China, the largest and most powerful country in the region – both economically and militarily – has recently been likened to a greedy octopus stretching its multiple arms out to grasp everything it can.
To the east – the Diaoyu/Senkaku/Tiaoyutai islands, depending on which nationalist nomenclature one might ascribe to. Farther south – the Spratlys and the Paracels.
All of them – uninhabited but sitting in abundant fishing ground, on important international trade routes and potentially rich in gas and oil reserves.
They have been at the centre of centuries-old conflicting territorial claims that are now coming to a head. For years, China’s geographic dispute with her neighbours spluttered along fairly innocuously.
Sure, there were sporadic incidents of relatively “mild” aggression on the high seas – but the neighbours’ economic interdependence meant they eventually died down and a status quo of quiet non-resolution was maintained.
But this time, Japan, the Philippines and Vietnam have been making more noise about territorial claims than they did before. Regional analysts attribute the shift to the more involved presence of the US.
The US has been bannering its military “pivot” towards the Asia-Pacific – and this is seen to be “emboldening” its allies. According to political analyst Andrew Leung, China’s neighbours might depend on China economically but they don’t want to be under her shadow, and the increased US attention offers a “free ride” under the superpower’s military umbrella – Which is not to say anyone is out for war.
“Even if a war was not directly with any one of them, an armed conflict on their doorstep would affect their economic growth and job,” Leung explained.
But more than just diplomatic wrangling, the overlapping territorial claims have stoked nationalist fervour across claimant states and resulted in trade repercussions. Boycotts of each other’s products and travel bans have been called for. There have been “anti-China” rallies in Japan, the Philippines and Vietnam – as there have been “anti-all-the-other-countries” demonstrations in China.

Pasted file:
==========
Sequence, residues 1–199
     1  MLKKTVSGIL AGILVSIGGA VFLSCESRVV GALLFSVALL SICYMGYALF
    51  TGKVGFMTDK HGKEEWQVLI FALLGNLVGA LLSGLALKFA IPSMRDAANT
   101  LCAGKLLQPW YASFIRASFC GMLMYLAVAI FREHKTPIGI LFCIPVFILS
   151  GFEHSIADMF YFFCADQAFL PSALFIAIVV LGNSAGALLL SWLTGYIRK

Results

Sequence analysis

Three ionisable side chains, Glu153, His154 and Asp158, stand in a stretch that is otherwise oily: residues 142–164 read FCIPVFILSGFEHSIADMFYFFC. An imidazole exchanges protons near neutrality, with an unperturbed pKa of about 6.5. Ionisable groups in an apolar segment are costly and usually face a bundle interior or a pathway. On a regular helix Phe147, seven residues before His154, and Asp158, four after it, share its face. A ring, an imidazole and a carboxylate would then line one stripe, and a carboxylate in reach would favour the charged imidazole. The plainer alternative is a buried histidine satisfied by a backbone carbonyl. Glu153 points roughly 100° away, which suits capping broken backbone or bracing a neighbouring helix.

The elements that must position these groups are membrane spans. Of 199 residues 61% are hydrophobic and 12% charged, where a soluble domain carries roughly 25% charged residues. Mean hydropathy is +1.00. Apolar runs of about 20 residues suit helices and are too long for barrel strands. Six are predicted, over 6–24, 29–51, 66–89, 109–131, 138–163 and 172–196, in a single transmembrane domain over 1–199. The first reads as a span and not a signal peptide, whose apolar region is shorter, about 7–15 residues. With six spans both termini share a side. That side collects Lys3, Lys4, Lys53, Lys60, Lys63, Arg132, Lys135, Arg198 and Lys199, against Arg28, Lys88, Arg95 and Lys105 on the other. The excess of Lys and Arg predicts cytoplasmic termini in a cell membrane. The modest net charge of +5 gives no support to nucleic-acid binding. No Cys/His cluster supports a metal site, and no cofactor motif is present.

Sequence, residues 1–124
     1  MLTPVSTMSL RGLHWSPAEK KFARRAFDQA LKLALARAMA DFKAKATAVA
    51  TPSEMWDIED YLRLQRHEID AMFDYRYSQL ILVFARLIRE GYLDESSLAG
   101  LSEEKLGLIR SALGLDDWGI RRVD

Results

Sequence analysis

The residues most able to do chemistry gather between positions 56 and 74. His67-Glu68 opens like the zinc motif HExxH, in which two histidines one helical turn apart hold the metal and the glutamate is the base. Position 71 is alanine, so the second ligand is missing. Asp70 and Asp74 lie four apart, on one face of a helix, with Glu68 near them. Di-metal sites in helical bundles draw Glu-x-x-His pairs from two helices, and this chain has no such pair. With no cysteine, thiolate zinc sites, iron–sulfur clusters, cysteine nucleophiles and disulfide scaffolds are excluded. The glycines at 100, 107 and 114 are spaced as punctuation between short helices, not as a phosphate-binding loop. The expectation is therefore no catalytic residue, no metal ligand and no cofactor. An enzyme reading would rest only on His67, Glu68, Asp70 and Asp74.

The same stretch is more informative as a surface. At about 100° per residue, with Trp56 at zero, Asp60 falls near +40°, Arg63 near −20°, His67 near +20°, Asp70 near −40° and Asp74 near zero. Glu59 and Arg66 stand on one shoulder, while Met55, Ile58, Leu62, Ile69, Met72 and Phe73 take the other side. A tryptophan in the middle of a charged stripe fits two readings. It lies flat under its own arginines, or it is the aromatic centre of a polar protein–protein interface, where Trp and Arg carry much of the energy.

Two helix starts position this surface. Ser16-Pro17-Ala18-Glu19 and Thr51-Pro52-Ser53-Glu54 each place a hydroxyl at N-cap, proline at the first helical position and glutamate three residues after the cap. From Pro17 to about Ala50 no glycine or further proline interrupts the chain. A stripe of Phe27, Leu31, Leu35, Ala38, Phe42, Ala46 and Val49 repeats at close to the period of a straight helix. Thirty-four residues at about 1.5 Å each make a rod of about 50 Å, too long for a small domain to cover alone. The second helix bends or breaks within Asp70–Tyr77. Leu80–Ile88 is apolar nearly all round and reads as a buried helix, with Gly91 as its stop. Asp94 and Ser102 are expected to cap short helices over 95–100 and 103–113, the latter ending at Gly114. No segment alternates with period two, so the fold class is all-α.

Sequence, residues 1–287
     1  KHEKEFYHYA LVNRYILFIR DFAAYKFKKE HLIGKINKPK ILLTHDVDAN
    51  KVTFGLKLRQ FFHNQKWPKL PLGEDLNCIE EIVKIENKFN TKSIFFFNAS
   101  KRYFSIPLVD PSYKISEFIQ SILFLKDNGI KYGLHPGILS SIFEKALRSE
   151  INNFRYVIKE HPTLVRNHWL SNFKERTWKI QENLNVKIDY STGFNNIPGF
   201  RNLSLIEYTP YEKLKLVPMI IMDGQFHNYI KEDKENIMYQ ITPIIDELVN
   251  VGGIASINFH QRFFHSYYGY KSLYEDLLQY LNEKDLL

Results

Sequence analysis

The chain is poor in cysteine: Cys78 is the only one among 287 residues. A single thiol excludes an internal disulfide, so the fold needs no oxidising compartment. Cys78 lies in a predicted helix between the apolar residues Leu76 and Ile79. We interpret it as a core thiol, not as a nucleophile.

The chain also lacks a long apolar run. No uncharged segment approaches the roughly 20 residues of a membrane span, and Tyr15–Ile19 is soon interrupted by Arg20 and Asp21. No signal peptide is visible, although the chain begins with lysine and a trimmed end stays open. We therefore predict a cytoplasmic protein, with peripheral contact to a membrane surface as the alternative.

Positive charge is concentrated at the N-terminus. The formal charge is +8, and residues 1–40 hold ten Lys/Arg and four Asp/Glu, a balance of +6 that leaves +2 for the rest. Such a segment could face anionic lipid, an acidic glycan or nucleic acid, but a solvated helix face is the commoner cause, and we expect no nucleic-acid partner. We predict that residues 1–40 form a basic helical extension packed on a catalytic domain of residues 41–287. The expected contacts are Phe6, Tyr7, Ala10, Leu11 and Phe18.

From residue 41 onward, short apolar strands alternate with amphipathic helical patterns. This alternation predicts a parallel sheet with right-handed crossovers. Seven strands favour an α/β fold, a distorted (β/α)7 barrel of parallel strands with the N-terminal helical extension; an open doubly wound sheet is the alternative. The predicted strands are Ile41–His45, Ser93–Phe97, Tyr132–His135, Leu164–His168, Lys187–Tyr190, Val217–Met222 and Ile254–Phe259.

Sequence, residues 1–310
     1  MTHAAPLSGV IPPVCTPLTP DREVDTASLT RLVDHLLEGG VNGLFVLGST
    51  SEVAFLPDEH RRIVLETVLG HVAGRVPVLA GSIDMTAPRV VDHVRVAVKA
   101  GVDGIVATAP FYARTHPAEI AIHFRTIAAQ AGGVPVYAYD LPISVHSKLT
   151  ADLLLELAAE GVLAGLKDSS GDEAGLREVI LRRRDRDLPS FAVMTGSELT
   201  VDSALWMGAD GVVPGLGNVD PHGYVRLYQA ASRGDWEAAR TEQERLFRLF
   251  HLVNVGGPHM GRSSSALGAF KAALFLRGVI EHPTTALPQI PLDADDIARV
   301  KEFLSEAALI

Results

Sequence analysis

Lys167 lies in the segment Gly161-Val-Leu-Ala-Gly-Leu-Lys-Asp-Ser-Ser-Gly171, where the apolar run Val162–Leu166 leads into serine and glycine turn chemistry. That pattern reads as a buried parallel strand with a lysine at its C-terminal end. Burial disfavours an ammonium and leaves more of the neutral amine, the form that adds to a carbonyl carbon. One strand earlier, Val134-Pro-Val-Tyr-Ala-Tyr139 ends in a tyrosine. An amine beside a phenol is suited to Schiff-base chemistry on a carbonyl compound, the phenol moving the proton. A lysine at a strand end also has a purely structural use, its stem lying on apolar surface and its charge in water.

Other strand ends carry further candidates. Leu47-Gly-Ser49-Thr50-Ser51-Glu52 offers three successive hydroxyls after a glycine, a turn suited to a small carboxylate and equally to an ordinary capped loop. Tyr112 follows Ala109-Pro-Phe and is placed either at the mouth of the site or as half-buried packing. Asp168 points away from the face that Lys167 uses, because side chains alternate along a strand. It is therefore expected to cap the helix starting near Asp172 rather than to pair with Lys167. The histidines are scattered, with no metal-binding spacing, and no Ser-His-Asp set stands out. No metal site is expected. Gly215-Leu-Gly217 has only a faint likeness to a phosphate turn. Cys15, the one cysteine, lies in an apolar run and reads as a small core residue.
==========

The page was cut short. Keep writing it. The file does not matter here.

In the last few days, after Japan announced it was purchasing disputed islands from a private owner, thousands have come out across China spewing their anger at anything related to Japan.
From the embassy in Beijing, to restaurants, shops and any other establishments that might be related to the “evildoer”. That is how Japan was referred to on a Chinese ruling party website that also made a point of telling citizens that their “raging” patriotism might be counter-productive.
All in all, this was seen by many as a mixed message. That, and the fact that protesters managed to demonstrate loudly – all without being immediately stopped by Chinese police, have been taken by more than a few them as a silent mandate from their government. This is despite official pronouncements that China wants a peaceful resolution.
While the man-on-the-street fervour could be used as a less aggressive (that is, “not war”) means to illustrate each countries claim – the governments themselves are in a bind. Both China and Japan face leadership transitions – and could benefit from the nationally unifying role these international disputes are playing domestically.
At the same time, people are calling for their governments to be more “firm” in their territorial claims, and the current top officials are not likely to want to go out with a blow to their pride or their legacy.
So it goes back to a balancing act: domestic stability and international cooperation. But domestic stability also relies heavily on economics – and at the heart of the region’s symbiotic development sits China. For Japan, in particular, the largest trading partner.
China itself though cannot do with isolating itself from its neighbours, particularly not with the US now intent on playing a more vital role in the area.
Andrew Leung boils it down to a need to redefine regional reality. This time around, it may no longer do to maintain the status quo of quiet non-resolution.